As the other posts have stated, you need to use an
NSNumber to wrap your double value in an object. The reason for this is that all the Cocoa foundation collection classes are designed to work with objects rather than primitive values. As you suggested, with some work you could in fact pass a pointer to a double value (I think, if you managed to cast it as an
id type pointer), but as soon as your method finished and the double went out of scope it would be released and your pointer would now be pointing to garbage. With an object, the collection (
NSDictionary, in this case) will retain your object when it's added and release it when it's removed or the collection is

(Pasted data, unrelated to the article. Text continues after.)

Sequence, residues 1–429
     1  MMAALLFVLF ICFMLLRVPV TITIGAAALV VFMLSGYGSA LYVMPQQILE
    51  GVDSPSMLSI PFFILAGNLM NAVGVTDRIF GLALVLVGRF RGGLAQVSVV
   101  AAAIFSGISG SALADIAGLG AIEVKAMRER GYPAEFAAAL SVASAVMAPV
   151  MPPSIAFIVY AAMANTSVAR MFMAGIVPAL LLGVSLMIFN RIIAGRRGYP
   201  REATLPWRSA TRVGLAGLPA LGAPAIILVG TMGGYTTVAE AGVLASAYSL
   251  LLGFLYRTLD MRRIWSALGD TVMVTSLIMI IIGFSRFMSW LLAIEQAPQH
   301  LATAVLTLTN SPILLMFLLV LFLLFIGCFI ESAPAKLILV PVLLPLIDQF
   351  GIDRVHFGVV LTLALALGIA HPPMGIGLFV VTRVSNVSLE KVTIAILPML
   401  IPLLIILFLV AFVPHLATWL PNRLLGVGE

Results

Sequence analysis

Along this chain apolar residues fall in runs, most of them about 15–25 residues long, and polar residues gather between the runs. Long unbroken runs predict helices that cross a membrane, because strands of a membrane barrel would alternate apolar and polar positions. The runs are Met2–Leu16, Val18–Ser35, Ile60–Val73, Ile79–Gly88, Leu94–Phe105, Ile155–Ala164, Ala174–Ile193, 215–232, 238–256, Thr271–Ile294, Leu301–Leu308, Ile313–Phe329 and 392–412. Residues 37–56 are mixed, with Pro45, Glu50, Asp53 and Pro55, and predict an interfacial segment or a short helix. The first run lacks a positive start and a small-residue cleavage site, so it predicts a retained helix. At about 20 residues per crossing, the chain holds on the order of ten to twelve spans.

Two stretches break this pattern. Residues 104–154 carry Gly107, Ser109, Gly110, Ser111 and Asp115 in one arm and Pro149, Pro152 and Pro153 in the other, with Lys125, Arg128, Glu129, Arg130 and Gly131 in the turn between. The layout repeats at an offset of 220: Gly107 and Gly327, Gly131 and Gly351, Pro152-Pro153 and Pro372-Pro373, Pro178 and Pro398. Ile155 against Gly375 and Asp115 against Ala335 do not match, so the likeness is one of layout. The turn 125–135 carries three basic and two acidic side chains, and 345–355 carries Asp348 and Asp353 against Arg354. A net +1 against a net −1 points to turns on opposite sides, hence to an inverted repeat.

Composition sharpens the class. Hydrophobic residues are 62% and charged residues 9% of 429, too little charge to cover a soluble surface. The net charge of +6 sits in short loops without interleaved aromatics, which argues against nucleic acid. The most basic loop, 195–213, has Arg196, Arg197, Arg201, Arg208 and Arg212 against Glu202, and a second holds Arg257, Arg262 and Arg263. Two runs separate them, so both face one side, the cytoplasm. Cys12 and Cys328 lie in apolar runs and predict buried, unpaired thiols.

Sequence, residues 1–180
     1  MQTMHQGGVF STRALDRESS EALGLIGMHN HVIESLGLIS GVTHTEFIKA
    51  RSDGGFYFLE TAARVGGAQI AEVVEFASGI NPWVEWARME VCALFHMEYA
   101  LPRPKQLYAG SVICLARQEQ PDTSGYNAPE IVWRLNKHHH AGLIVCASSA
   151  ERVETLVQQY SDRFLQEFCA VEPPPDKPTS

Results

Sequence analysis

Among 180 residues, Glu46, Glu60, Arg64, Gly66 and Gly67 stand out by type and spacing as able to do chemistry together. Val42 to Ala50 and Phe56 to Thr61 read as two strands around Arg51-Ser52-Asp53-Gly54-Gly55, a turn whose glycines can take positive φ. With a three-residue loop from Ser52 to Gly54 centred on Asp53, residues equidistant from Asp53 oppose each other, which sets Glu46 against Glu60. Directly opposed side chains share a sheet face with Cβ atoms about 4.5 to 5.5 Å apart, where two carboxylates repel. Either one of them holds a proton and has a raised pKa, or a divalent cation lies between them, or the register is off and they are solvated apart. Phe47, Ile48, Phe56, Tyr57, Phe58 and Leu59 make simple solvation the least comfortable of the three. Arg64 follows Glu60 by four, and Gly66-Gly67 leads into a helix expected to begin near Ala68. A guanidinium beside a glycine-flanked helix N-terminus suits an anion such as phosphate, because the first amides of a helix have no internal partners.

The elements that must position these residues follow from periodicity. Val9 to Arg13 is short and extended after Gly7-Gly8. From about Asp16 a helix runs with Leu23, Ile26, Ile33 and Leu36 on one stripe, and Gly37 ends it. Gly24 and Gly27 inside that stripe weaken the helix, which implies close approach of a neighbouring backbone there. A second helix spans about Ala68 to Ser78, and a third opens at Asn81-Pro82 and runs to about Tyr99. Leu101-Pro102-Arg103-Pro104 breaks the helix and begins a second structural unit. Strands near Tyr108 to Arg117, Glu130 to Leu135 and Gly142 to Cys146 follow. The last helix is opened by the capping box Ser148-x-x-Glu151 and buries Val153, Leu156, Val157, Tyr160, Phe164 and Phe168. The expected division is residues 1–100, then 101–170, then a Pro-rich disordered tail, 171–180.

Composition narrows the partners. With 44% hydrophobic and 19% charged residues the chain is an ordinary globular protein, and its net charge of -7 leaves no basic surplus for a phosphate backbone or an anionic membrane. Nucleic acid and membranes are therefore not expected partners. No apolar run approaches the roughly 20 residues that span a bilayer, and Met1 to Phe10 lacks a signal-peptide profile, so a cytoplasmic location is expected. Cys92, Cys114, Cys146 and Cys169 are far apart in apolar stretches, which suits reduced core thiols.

dealloc'ed, ensuring your value will survive until you don't need it anymore.
I would do it as follows:
NSNumber *tempNumber = [[NSNumber alloc] initWithDouble:longitude];
[data setValue:tempNumber forKey:@"longitude"];
Which will leave your NSNumber object with only a +1 reference count (the dictionary retaining it) and no autoreleases
The other suggested method of doing:
[data setValue:[NSNumber numberWithDouble: longitude] forKey:@"longitude"];
will also work fine but your object will end up with +1 reference count an an autorelease from the numberWithDouble method. When possible I try to avoid autoreleases, but the code is more concise. YMMV.